WE ARE THE WEIRDOS Review: GOODNIGHT

GOODNIGHT

After putting her young daughter to bed, a mother starts to become paranoid that there is something else in the room with her. The little girl tells her that a monster who goes by the name of Billy lives under her bed. She tries to calm her daughters fears, but it begins to dawn on us that this malevolent force is all too real.

GOODNIGHT, a short horror film by Diane Michelle, cleverly explores the way children might interpret truly unpleasant situations. It tackles an extremely delicate subject matter, but plays it out almost through the lens of the childlike imagination, and the way that they choose to cope with situations well beyond their realm of understanding. In doing so, Michelle forces us to confront the very real form that the monsters these children are so afraid of might take in the real world.

The young parents, played by Joseph Kathrein and Athena Isabel Lebessis, bring a great combination of passionate love but also parental instinct, while the little girl (Penelope Piccirilli) combines her innocence and fear with a sense of maturity well beyond her years.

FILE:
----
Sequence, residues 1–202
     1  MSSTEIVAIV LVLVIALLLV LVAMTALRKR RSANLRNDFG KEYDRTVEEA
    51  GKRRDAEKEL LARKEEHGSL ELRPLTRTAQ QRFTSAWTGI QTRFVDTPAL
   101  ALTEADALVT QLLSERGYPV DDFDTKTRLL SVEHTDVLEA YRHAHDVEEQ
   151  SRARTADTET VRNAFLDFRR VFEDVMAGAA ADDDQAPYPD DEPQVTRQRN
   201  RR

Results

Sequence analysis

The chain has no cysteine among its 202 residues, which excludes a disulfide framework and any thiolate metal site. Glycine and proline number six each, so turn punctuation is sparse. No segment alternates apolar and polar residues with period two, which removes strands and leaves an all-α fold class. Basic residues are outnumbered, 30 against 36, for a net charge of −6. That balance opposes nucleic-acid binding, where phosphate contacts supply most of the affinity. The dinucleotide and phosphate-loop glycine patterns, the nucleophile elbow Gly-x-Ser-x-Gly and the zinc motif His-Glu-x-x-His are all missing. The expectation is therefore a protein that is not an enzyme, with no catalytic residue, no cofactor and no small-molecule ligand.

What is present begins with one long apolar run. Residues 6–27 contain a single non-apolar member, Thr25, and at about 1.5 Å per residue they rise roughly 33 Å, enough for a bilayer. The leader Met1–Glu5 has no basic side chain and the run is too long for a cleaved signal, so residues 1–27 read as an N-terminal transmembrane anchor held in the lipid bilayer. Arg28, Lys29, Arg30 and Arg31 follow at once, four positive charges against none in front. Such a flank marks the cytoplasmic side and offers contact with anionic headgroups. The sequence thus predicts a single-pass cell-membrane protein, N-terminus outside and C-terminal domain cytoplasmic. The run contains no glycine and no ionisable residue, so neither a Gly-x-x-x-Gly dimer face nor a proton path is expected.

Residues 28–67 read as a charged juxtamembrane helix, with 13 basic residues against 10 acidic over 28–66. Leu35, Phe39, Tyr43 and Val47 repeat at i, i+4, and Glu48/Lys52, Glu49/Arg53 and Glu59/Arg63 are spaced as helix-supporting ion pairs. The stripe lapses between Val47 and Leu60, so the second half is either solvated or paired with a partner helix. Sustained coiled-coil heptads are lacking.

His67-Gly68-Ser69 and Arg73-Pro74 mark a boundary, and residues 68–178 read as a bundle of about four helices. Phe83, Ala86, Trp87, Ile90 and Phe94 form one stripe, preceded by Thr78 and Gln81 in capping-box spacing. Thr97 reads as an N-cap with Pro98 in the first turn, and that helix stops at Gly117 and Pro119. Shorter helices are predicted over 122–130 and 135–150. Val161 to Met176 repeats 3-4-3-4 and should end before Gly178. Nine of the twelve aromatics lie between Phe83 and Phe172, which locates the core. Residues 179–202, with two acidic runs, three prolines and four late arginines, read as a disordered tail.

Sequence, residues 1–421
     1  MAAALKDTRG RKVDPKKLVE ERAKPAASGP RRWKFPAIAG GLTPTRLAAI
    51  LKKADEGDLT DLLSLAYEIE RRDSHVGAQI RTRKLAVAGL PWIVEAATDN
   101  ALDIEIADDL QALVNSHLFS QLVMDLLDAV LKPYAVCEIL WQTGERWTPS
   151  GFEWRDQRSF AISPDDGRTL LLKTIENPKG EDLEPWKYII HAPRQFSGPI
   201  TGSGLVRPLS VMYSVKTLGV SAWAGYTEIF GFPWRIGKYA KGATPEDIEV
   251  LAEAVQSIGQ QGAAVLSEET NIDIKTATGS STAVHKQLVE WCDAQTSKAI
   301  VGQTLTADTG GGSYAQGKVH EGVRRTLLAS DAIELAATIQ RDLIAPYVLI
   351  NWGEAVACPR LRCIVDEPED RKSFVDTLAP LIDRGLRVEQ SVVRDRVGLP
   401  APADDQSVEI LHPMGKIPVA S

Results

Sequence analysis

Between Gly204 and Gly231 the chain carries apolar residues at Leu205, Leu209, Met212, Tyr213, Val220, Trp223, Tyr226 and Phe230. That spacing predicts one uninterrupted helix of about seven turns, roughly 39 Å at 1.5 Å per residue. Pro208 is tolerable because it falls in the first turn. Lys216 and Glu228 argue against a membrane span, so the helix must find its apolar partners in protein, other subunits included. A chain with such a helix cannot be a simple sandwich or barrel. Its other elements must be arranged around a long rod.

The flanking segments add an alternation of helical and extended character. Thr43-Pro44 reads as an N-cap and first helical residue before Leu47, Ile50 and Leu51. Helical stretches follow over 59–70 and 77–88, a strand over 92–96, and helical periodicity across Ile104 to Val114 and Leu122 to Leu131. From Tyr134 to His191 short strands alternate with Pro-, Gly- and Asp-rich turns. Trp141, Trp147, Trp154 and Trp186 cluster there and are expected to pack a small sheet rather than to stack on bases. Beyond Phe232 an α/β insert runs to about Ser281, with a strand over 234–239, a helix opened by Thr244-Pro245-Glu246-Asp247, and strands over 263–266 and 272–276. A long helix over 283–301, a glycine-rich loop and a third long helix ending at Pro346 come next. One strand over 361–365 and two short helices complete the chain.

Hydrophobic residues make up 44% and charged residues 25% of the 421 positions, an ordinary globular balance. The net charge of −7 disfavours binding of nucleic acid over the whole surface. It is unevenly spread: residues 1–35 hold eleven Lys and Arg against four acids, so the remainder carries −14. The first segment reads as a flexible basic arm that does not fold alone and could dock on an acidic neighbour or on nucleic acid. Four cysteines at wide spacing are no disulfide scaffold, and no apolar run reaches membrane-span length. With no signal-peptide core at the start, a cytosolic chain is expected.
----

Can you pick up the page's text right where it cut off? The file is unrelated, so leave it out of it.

The events of the film take place at night, and the shots have a sort of moonlit feel to them, making the tension all the more palpable. We all remember being young, feeling so scared of the nighttime, knowing that this was when the monsters could come out. We are at our most afraid and vulnerable.

The film cleverly deals with very serious and horrific subject matter but cleverly shifts our perspective, providing an entirely new and rarely seen look at issues that are all too current in the world. Inventing stories and fantasies is the classic coping mechanism for children, enabling them to try to understand something that is beyond their maturity, and Michelle manages to portray this very effectively with her terrifying chiller. Horror fans will love GOODNIGHT, it gets under your skin, but there is also an important message behind it, and a significant conversation to be had, and that is the stuff of great horror.


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Romy is a freelance production assistant from London who loves all kinds of film. She also loves reading and writing reviews, picking apart all aspects of what makes a movie great! She can’t resist a great thriller or crime film.

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